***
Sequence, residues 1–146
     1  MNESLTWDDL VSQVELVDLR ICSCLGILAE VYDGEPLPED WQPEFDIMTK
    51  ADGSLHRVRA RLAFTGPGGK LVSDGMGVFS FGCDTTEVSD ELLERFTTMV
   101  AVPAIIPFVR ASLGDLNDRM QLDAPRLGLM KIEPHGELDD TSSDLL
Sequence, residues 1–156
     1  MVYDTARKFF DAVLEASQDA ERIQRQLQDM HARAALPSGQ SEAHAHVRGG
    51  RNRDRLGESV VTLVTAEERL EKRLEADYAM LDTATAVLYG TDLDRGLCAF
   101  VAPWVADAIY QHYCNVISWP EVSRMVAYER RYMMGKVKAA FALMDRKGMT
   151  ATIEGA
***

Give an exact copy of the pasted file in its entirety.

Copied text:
Sequence, residues 1–146
     1  MNESLTWDDL VSQVELVDLR ICSCLGILAE VYDGEPLPED WQPEFDIMTK
    51  ADGSLHRVRA RLAFTGPGGK LVSDGMGVFS FGCDTTEVSD ELLERFTTMV
   101  AVPAIIPFVR ASLGDLNDRM QLDAPRLGLM KIEPHGELDD TSSDLL
Sequence, residues 1–156
     1  MVYDTARKFF DAVLEASQDA ERIQRQLQDM HARAALPSGQ SEAHAHVRGG
    51  RNRDRLGESV VTLVTAEERL EKRLEADYAM LDTATAVLYG TDLDRGLCAF
   101  VAPWVADAIY QHYCNVISWP EVSRMVAYER RYMMGKVKAA FALMDRKGMT
   151  ATIEGA